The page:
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Thread: What is the purpose of the long skinny bar?

  1. #1

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    I got this 1920 Minnesota A (Sears knockoff) from my SIL and I have been using Billy's tute to dismantle and clean it up. It appears to have been a treadle machine retrofitted with a motor, and not very nicely done either. My question is, what is the purpose of the long skinny bar that is attached to the motor and slants down to the bobbin winder. It moves freely between the attachments and as far as I can see, does nothing for the machine. Any ideas?

    Second question, what do I do with it now? It is not in very good cosmetic shape but does sew and I do not want to keep it.

    Thanks for any ideas.

    Linda

    What is this bar?
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  2. #2
    Super Member tammy cosper's Avatar
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    what does the skinny bar do when you are winding a bobbin on it?

  3. #3
    Super Member frarose's Avatar
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    Looks like maybe when you wind the bobbin the rod is there to get traction from the turning wheel so it can wind the bobbin.

  4. #4
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    Yep that's what mine does!!

  5. #5

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    OK, after your clues and really studying the above picture I think I have it figured out. The belt for activating the bobbin winder does NOT go on the hand wheel and the bobbin pulley wheel as I was doing before. There is no clutch on the handwheel that releases the machine, so when you wind the bobbin that way the machine "sews" away and the motor was getting too hot, too much drag. The belt actually goes on just the motor pulley wheel and the bobbin pulley wheel, under and bypassing the hand wheel. After you get the belt on, you push the whole bobbin winder mechanism up, which pushes the bar back, which pushes the motor back and off the hand wheel. Then the motor turns just the bobbin winder and not the whole machine. Phew!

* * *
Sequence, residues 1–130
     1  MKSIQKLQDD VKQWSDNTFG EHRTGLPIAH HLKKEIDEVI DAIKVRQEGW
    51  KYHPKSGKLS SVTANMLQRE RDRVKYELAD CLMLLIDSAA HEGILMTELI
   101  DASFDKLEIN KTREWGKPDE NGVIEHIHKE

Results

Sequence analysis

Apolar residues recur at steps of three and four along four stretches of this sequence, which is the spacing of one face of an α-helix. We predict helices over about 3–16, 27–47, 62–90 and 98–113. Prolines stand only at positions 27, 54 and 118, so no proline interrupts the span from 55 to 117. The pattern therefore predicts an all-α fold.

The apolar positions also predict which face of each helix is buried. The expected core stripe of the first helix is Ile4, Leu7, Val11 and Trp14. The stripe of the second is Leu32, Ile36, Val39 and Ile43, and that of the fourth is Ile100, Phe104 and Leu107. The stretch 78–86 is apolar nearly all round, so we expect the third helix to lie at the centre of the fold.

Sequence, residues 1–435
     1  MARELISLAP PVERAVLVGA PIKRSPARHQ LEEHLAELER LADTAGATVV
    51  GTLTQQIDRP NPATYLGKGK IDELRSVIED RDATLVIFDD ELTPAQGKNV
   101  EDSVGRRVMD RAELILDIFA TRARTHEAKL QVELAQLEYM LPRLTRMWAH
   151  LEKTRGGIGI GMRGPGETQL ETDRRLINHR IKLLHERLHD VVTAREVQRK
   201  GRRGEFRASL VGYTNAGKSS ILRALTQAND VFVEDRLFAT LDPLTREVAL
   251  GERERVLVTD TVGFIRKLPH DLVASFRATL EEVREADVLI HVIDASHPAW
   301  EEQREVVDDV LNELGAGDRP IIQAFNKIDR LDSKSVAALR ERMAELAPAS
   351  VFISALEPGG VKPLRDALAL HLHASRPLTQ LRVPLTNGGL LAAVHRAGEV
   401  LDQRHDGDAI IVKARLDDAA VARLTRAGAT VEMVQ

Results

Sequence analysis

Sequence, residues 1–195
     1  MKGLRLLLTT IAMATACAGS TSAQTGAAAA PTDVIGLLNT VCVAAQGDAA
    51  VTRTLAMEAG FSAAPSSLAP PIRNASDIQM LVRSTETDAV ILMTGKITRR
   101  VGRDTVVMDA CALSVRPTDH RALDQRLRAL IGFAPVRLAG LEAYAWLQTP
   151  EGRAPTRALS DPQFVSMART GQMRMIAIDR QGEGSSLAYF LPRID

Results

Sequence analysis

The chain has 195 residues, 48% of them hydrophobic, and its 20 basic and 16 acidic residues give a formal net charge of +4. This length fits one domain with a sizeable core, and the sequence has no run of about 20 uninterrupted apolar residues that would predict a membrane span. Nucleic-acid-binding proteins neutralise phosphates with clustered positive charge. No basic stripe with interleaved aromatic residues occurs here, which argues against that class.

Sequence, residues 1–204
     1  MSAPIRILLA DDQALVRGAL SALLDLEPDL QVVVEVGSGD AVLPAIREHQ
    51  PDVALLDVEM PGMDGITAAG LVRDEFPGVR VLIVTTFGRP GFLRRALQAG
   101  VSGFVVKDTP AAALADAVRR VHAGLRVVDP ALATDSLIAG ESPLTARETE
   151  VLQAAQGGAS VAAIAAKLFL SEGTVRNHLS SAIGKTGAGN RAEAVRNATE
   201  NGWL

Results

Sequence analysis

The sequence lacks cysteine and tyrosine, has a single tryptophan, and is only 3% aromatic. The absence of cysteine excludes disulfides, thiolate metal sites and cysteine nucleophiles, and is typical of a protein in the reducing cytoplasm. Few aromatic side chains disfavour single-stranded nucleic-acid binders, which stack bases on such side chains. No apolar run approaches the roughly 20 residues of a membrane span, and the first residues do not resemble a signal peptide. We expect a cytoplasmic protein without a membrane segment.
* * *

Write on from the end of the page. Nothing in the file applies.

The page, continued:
As I said before, this is a treadle that was retrofitted. My question now is, did the factory do this or did a private party figure out this complicated, jury-rigged system. Does anyone else out there have a set up like this?

    Thanks to everyone who gave me clues to figure this out.

    Linda

  6. #6
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    That is a very nice Minnesota you have and judging from the decals it looks like it was really cared for.

    Billy

  7. #7

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    Quote Originally Posted by Lostn51
    That is a very nice Minnesota you have and judging from the decals it looks like it was really cared for.

    Billy
    Billy:

    Pictures don't necessarily show the truth!! If you look in VSM photos there is a picture of the Minnesota A from the front, AFTER I used your tute to clean it up and polish it with Liquid Gold. The decals on the base are not in good shape at all, the clear coat is crazed, cracking and missing in chunks all over the base. Liquid gold turned the decaying clear coat from a yellowish to a matte finish so it at least looks a little better, but there is no shine. It is my ugly duckling!

    Linda

  8. #8
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    Quote Originally Posted by RoseLover
    Quote Originally Posted by Lostn51
    That is a very nice Minnesota you have and judging from the decals it looks like it was really cared for.

    Billy
    Billy:

    Pictures don't necessarily show the truth!! If you look in VSM photos there is a picture of the Minnesota A from the front, AFTER I used your tute to clean it up and polish it with Liquid Gold. The decals on the base are not in good shape at all, the clear coat is crazed, cracking and missing in chunks all over the base. Liquid gold turned the decaying clear coat from a yellowish to a matte finish so it at least looks a little better, but there is no shine. It is my ugly duckling!

    Linda
    Yeah but she is loved and that is all that matters!

    Billy

  9. #9
    Super Member Charlee's Avatar
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    I have this setup on my White Number 8.

    The long skinny bar is to push the motor back so that the friction wheel doesn't come into contact with the balance wheel. You should have a separate belt that runs from that notch on the end of the friction wheel to the notch on the end of the bar on your bobbin winder. You'd put the belt on, push the bobbin winder up, and that in turn will use the rod to push the motor/friction wheel back, keeping your needle from moving while the bobbin winds.

    I'm in the process of trying to get a new friction wheel for mine, since the one on mine has an indentation in it from sitting in the cabinet. Make sure that if you put the machine down in the cabinet, that you put a couple of layers of batting between the rubber on the friction wheel and the balance wheel.
    :)

  10. #10

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    Charlee:

    My friction wheel has the same problem, where are you obtaining a replacement? Do you have to replace the entire motor or just the rubber friction part?

    Linda

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